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Two questions and this messy sermon


May the Holy Spirit be with us in this moment to open our ears in and our hearts. In the name of the one undivided Trinity, Amen.

Good morning! I'm glad to see all of you here at this 11 oclock service and I'm happy to preach to you today. First time, actually, that I've ever preached from this place, not at the pulpit, and not looking at anything. First time. Here. I say that as a disclaimer, I say that as a small bit of pride... not too much. This is church.

As many of you know, I'm in my last year of seminary. And I travel to Colorado to Iliff School of Theology once every trimester for on-ground classes, and then the other part of the time – the majority of the time – I study from here in online spaces. So, I'm in a class called "Lectionary Preaching and Christian Doctrine," and in that class this week my teacher posed [to] all of us two questions:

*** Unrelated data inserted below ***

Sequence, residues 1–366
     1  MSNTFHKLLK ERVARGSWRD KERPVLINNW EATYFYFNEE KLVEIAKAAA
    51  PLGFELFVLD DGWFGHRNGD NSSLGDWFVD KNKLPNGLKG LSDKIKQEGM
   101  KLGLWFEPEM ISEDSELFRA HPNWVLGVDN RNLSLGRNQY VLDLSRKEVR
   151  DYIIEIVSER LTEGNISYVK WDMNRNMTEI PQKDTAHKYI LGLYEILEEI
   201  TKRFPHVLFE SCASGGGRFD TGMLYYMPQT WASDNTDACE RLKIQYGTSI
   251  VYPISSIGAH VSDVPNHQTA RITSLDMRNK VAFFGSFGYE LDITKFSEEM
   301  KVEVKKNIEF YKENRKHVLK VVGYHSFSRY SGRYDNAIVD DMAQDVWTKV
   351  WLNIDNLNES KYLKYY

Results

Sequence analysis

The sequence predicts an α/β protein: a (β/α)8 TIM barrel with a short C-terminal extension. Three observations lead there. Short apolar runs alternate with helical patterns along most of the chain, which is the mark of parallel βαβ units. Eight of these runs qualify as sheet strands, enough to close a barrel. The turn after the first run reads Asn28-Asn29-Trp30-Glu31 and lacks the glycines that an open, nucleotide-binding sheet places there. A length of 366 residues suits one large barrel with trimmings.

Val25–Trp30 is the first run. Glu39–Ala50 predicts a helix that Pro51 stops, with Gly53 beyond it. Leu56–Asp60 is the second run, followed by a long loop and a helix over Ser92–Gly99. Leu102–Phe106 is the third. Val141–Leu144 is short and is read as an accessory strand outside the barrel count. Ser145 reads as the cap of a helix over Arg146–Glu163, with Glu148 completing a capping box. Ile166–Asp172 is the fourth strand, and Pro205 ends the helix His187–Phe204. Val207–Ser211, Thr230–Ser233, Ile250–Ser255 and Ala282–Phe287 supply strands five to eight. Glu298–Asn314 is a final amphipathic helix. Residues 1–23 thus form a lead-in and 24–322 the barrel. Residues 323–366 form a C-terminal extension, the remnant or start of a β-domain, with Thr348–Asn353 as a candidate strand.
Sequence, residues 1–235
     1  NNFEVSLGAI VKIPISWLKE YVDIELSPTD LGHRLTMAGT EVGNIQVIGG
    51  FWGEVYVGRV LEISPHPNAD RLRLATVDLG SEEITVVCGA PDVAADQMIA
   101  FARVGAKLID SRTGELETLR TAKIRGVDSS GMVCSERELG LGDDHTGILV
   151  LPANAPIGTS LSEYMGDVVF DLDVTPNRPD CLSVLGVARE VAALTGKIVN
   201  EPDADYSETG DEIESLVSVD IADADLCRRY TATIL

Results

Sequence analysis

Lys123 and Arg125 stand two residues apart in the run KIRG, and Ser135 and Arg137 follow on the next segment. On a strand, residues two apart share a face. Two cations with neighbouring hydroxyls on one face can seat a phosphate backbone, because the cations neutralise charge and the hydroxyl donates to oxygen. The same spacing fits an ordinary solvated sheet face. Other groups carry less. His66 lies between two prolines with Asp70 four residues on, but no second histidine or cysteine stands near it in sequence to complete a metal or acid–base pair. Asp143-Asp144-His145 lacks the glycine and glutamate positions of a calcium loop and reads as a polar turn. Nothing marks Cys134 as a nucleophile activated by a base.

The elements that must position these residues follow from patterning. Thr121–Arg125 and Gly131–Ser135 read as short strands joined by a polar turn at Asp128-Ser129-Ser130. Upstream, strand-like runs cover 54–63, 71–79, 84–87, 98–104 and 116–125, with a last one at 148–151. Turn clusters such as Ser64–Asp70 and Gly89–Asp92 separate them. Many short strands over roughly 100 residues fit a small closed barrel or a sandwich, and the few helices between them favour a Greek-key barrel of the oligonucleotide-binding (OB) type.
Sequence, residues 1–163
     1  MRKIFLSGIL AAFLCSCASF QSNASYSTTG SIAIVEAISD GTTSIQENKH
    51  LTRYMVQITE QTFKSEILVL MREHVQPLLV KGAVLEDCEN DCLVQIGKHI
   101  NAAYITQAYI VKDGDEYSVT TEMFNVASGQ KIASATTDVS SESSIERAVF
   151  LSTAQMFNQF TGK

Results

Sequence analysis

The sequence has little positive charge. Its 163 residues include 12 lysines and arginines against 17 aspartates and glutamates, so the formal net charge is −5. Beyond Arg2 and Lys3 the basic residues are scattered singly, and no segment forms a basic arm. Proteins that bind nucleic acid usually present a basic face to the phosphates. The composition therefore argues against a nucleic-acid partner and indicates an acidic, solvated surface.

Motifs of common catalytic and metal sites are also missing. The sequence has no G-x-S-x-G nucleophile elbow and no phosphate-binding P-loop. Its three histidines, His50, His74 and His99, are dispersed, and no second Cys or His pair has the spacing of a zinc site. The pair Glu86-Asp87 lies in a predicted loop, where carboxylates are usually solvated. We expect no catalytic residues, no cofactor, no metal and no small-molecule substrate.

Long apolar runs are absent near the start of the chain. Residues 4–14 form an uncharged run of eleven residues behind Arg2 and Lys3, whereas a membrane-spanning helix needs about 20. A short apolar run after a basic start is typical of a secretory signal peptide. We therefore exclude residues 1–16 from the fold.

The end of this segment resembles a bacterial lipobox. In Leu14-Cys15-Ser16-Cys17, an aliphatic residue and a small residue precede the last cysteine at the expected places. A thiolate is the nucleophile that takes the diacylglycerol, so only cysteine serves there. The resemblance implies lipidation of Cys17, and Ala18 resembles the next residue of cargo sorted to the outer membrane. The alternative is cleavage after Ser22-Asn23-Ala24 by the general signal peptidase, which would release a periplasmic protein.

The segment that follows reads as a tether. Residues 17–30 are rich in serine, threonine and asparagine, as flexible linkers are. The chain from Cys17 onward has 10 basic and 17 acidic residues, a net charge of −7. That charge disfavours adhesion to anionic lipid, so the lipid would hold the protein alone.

1. Who is Jesus for you?
  2. How and why would you preach Jesus Christ?

So the first question informs the answer to the second question. And I looked at that first question – who is Jesus for you? – for a very long time this week. I sat with it. I thought about it. I thought about all of the ways I'd answered that question after the last 40 years of this life. How many ways have I answered it?

I have said... A great teacher. A wise sage. Jesus is the ideal human. Or, every December, this squishy little baby that's right up here, adorable in the Christmas pagaent.

But the way that stuck out most – the response that I rarely every bring up in church – is, I don't know. I'm not perfectly sure who Jesus is... for me.